Egregores – The Strange Entities We Create From Collective Thought
By James Donahue
Ever since I learned how to leave my body
I have been puzzled by some of the peculiar entities I have met while in that state of consciousness. While some of them are
clearly intelligent beings filled with light and a willingness to communicate, others appear as shapeless, mindless life forms,
drifting like zombies through the room, or they come like soldiers, assigned to disrupt the peace of the house and if allowed,
cause mental distress.
While we reason that some of these beings
may be angelic, and some demonic, and others aliens from other dimensions and worlds, we have been unable to define the multitude
of grey, groveling, crawling, scurrying, sometimes massive menacing-appearing beings that seem sometimes to be all around
us. At times they blanket us like a fog while sapping our energy. They seem to have no purpose. Where to they come from and
how did they get in our space?
We recently came upon the concept of the
egregore, which is defined as something created by collective human consciousness that can exist in the spiritual realm that
surrounds us. Thus it is possible that all of the “living” entities we meet in the astral are no more then egregores,
created by the many religious groups that have existed in the past or exist today, mythological stories told around campfires,
works of magickians, or just plain mind-curses sent to cause trouble in another person’s life.
There are a variety of ways in which esoteric
writers have attempted to describe the egregores. The one we liked best was that they are “watchers, thought-form entities
created by visualization, ritual and such. They come in collective groups. They are somewhat like angels, except that they
are relatively mindless and quite willing to follow orders.”
Gabriel Emerson wrote that the egregore “is
the psychic and astral entity of a group.” He wrote that all members of a group, a family, a club, a political party,
a religion and even a country not only create egregores, but are psychically included in its existence. And because we are
socially active, we all are involved in the creation of several egregores as the same time.
From Gaetan Delaforgem we find the definition:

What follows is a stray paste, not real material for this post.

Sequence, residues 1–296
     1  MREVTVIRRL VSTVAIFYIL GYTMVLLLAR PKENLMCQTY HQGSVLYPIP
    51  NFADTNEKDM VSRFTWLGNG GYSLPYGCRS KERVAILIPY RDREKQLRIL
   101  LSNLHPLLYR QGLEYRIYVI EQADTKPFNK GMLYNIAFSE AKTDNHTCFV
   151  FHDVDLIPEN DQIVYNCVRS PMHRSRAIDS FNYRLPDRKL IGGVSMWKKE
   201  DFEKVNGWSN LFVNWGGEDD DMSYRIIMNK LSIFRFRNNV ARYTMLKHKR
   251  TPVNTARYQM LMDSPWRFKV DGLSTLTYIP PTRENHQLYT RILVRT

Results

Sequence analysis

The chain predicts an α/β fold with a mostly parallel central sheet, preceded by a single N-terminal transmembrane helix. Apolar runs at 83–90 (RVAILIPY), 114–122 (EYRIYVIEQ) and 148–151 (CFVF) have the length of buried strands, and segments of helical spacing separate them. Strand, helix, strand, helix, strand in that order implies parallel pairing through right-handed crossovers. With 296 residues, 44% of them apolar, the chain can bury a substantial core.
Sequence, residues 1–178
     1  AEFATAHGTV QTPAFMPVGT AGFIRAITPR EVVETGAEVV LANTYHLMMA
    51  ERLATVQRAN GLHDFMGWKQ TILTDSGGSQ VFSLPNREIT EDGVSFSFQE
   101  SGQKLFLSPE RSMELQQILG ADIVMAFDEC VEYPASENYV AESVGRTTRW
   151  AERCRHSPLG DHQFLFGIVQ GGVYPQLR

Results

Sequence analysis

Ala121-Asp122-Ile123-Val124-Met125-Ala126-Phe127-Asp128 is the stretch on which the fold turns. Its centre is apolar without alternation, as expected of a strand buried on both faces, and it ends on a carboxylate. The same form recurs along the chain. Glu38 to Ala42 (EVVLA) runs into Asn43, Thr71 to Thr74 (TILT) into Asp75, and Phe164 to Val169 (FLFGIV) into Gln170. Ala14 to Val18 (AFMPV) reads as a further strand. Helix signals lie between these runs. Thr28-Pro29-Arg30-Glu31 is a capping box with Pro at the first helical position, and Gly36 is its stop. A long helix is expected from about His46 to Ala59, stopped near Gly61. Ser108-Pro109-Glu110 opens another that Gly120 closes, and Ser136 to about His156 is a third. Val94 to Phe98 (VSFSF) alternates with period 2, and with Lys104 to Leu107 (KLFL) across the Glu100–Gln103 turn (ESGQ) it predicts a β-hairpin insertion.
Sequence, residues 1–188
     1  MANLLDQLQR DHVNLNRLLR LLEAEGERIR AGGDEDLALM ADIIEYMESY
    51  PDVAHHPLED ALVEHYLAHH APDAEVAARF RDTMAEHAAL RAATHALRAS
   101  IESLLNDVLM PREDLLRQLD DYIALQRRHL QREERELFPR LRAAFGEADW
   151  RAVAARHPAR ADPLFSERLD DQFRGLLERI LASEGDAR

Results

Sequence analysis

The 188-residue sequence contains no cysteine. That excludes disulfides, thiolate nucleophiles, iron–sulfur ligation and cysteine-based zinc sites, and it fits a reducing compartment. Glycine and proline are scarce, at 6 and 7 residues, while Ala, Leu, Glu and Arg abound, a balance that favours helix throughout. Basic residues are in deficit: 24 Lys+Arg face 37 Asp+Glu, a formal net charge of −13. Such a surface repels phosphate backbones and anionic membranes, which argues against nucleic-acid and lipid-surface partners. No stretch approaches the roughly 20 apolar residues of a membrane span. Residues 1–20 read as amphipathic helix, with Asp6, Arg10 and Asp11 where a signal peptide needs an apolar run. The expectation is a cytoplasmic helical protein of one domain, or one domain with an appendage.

“an egregore is a kind of group mind which is created when people consciously come together for a common purpose.”
When an egregore is formed, however, “unless an attempt is made to maintain it deliberately it will dissipate rather
quickly. However if the people wish to maintain it and know the techniques of how to do so, the egregore will continue to
grow in strength and can last for centuries.”
The article continues: “An egregore
has the characteristic of having an effectiveness greater than the mere sum of its individual members. It continuously interacts
with its members, influencing them and being influenced by them.”
What is a bit scary is that “if this
process is continued a long time the egregore will take on a kind of life of its own, and can become so strong that even if
all its members should die, it would continue to exist on the inner dimensions and can be contacted even centuries later by
a group of people prepared to live the lives of the original founders.”
An example of this would be the evocation
of the 72 Spirits of the Goetia by the late magickian Aleister Crowley and later posted on this website, complete with drawings
and descriptive articles. After lying dormant for centuries, Crowley not only evoked them back into public awareness, but
our posting this information on the Internet has given these spirits more power than they ever had at the time of Solomon,
when they were last known.
The Gaetan Delaforgem article notes that
when the egregore is concerned with spiritual or esoteric matters its influence is even greater. “People who discover
the keys can tap in on a powerful egregore representing, for example, a spiritual or esoteric tradition.”
This is why practicing magickians claim to
have successfully summoned a Goetia Spirit and used it to acquire influence, power or wealth. But those who know of such matters
warn that anyone who tries such things must know what they are doing and be masters of their craft. The dangers include perturbating
psychic influences and a restriction of inner freedoms. The egregore can appear to become the master when this should never
be the case.
Powerful examples of egregores in our society
might include the Devil, Santa Claus, the spirit of Jesus that Christians “invite” into themselves, collective
prayer or a wish for a certain outcome in a competitive event like a football game or election, the luck of a rabbit’s
foot, and possibly even the appearance of UFOs.